The Steam platform is one of the most popular distribution platforms for PC Gamers and it turns out that you can indeed run the Linux version of Steam on your Pixelbook. I cannot say for sure that all games will run on it but you should be able to install any game that supports “Linux” on your Chromebook. I apologize in advanced for lost productivity caused by following the steps in this guide – you have been warned! Continue reading
The Atom Text editor has been growing in popularity since it launched a few years ago. Fortunately it is incredibly easy to get the Atom Text Editor to install on ChromeOS via Project Crostini. Here are the steps:
If you were like me who found their Terminal application completely broken after upgrading to ChromeOS 68.0.3431.0, you are likely irritated and mashing the update button for a fix to be delivered a few times a day. I got to thinking this afternoon of a workaround, why not replace it with something a bit more reliable – like Gnome Terminal? It turns out that it works flawlessly and is pretty easy to setup. Here are the steps;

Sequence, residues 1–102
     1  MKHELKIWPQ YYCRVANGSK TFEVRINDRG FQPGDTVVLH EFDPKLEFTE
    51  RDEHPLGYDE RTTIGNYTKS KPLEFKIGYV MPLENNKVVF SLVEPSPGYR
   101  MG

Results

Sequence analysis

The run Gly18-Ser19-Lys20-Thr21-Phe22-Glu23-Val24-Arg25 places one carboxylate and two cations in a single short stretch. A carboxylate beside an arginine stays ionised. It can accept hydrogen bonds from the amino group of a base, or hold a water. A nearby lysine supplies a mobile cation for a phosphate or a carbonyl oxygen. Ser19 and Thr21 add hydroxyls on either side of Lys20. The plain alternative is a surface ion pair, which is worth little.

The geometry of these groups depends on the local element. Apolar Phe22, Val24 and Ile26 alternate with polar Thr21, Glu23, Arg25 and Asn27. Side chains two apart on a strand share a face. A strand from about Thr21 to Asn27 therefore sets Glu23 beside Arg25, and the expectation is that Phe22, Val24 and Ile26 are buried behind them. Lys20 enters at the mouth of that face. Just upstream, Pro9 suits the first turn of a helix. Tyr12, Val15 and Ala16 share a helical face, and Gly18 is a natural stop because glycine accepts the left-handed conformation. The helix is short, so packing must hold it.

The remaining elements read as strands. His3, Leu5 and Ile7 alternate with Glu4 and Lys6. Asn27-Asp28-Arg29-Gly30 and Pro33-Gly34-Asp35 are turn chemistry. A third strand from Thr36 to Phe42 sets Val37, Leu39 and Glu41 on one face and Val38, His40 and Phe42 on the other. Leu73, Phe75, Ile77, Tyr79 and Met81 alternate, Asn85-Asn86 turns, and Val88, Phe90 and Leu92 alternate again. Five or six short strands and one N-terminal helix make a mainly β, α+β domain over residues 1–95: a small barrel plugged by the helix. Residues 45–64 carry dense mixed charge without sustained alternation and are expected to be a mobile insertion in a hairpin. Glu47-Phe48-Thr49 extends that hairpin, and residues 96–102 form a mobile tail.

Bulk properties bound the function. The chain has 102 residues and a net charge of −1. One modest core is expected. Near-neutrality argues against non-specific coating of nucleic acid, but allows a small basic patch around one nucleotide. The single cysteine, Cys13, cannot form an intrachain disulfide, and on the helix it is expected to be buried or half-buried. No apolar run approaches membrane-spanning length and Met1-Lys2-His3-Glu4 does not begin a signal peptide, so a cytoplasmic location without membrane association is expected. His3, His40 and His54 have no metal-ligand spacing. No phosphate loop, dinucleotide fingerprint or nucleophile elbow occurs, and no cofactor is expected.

Heads up to all Pixelbook Owners who have been following my posts about ChromeOS Project Crostini, you will be in for a pleasant surprise if you head into your Settings Menu after updating to ChromeOS 68.0.3416.0 (Currently in the Dev Channel). You will now see a “Linux Apps” section that will enable Termina and automatically drop you into a new virtual machine. There are also several new changes that were made in this release.
I posted a tutorial yesterday on how to get Android Studio running on ChromeOS via Project Crostini Containers but I realize that not everyone is a Android Developer. Today’s tutorial will appeal to PHP Developers who would like to do some local development and testing on their Pixelbook via Project Crostini. Of course this is not designed to allow you to host production websites but it will work for those who wish to build and test PHP based web applications.